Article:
Meet Destiney Copeland: she said YES to the Lord and then quickly to His call to serve His people near and far, finding that serving for Him truly is a gift.
How did the Lord call you to Haiti?
I knew the Lord was calling me to Haiti once I was baptized just months prior at my home church, and the opportunity to serve globally was offered to me. As a new Christian at the time, I was beaming with the new joy of housing the Holy spirit, so I was ready to get out of my comfort zone and exit the country for the first time…in Haiti! I went back and forth many days questioning if Haiti was the place for me or if I should start small and serve locally, since I felt under equipped considering my walk with the Lord was so new and my goal of $1,700 seemed so large. As the dust started to settle and my comfort level rose in my own abilities in Christ, funding started following suit, and the Lord created comfort and clarity. Before I knew it, the trip was covered in full and with the help of friends, family, faith, and Fund the Nations, the dream of serving in Haiti became a reality.
After working with schools there, how have your views on American education changed?
Viewing the school system, or lack thereof, in Haiti really was humbling for me. Being a current college student spending most of my days on a school campus, I came home really reflecting on the blessings we have here in America. The blessings of solid buildings, public transportation, air conditioning, technology, well equipped teachers, and a diverse classroom, can easily get over looked. In Haiti, you have little boys and girls fighting to stay focused when all they had in their tummies were a half a cup of rice and shoes 2 sizes too small on their feet. Many students traveled barefoot down a mountain side to attend classes. You have student learning math with pebbles and sticks for counting. It was a great experience to see the determination of the children and teachers to succeed and to let all other cares of the world fall waist side and let their education come to the forefront when within those four walls.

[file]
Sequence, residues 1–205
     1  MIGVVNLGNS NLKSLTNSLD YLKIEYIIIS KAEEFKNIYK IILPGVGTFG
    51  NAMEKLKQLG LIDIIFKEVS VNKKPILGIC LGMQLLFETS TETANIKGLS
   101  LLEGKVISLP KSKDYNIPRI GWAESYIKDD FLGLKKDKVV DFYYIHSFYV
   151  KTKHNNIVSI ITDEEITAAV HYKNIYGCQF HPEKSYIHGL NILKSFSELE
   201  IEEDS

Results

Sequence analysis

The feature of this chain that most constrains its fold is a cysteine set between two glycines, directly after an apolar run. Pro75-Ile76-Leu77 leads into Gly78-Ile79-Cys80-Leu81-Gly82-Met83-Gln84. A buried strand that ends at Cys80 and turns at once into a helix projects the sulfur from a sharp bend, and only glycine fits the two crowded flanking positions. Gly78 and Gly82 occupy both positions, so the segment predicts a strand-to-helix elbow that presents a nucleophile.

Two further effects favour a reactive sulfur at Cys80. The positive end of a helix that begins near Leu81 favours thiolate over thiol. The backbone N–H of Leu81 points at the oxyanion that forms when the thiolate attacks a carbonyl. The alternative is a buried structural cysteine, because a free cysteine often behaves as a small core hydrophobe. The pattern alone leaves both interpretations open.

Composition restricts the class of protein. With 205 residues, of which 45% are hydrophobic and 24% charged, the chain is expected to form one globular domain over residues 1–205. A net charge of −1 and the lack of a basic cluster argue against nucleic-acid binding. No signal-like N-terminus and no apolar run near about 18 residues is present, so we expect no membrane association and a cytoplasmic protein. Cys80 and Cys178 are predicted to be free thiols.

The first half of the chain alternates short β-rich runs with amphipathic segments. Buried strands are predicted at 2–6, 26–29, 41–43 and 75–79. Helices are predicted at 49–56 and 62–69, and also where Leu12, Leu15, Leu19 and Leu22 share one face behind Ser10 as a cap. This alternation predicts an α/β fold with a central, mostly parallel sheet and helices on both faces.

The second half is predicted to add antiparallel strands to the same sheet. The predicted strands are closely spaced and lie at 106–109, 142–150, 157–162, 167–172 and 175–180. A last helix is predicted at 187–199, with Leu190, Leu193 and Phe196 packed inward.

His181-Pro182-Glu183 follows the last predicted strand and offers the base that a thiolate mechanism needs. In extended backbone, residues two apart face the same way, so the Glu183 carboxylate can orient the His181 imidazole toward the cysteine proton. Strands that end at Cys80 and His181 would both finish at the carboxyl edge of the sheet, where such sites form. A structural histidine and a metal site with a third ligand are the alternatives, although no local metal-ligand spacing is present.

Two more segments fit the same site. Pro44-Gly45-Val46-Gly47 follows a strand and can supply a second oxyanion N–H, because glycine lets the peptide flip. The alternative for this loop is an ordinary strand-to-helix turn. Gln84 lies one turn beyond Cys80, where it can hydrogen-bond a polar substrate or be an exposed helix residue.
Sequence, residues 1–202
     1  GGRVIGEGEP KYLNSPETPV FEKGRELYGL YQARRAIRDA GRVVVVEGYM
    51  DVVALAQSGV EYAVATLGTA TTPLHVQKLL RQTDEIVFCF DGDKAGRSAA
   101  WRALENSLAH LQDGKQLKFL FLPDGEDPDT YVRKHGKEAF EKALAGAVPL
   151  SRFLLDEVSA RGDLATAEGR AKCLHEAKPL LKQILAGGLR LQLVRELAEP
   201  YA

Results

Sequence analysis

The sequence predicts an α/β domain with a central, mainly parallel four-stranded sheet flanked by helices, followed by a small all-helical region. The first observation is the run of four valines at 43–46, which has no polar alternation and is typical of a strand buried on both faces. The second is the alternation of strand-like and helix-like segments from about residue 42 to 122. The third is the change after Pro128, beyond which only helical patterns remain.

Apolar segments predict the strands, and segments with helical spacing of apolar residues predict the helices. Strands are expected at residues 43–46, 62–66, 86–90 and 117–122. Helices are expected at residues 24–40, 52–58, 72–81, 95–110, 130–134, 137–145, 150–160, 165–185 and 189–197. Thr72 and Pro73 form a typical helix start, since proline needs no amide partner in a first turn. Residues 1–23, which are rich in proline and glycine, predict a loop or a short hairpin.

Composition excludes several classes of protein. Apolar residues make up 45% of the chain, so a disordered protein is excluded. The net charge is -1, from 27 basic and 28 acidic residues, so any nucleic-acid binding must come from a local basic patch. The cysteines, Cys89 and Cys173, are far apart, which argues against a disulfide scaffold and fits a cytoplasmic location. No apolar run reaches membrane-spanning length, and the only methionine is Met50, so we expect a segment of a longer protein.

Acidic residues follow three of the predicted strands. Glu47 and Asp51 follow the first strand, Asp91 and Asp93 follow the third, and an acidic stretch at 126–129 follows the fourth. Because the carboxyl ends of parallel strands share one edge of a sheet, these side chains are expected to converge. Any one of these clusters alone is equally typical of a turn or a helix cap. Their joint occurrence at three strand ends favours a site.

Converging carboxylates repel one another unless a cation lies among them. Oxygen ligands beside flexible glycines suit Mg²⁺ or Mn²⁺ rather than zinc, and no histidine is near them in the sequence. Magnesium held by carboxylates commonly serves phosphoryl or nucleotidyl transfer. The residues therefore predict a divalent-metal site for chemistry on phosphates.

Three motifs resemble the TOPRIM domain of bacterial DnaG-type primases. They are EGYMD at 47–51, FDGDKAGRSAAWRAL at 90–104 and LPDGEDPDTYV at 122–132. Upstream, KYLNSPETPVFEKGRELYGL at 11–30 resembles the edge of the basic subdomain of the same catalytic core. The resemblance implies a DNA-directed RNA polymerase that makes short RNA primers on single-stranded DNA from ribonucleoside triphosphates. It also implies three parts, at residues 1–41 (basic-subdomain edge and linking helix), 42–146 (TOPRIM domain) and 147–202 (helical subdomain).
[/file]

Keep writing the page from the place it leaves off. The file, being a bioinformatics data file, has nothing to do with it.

What’s one of the major difference you noticed between everyday life in Haiti versus everyday life in America?
One of the major differences I have noticed between everyday life in Haiti verses everyday life in America is physical activity. Since many do not have phones, even fewer have smartphones, both the kids and adults are very active. Driving down the streets, you will see groups of people playing soccer, harvesting, walking, playing, and even dancing.
What’s one thing about your trip you hope to never forget?
During my trip, I had a sweet friend named Snyder. Snyder is 16 years old and reminded me of my little brother that I had left in the states. He was my “protector” when the kids got too physical when wanting to touch me and he was also my translator when people run up to me all excited. It was a common thing that girls wanted to touch and braid my hair, but Snyder was always there saying, “Dou! Dou!”, which means “gentle” in Haitian Creole. I was able to play soccer with Snyder and his friends, see him learn in his classroom, and share a “WWJD” bracelet with him. Most importantly, I was able to share the gospel with him, and that is something I hope to never forget.
What’s one thing you wish you’d known before your first international mission trip?
I wish I had given my body enough time to adjust to international differences when it came to diet and emotion. Coming from America with a lot of fast and processed food then going to Haiti where all of the food if fresh, it was quite a treat, but when I came home and had my first meal out, I got absolutely sick. A week of fresh fruit and veggies really set my body and mind right, but I came home thinking I could go back to my old ways, but I was very wrong. I was sick the first 3 days home, which was physically and mentally draining. I wasn’t able to share my testimony like I wanted to, and it took me a long time to process my emotions since I was so weak. After seeing so many sad images and hearing some heavy testimonies, coming back home to a comfortable apartment surrounded by your abundance of blessings, you cannot help but feel sad and almost guilty. So all in all, I wish I had time to prepare before and after the trip both in terms of diet and emotion.
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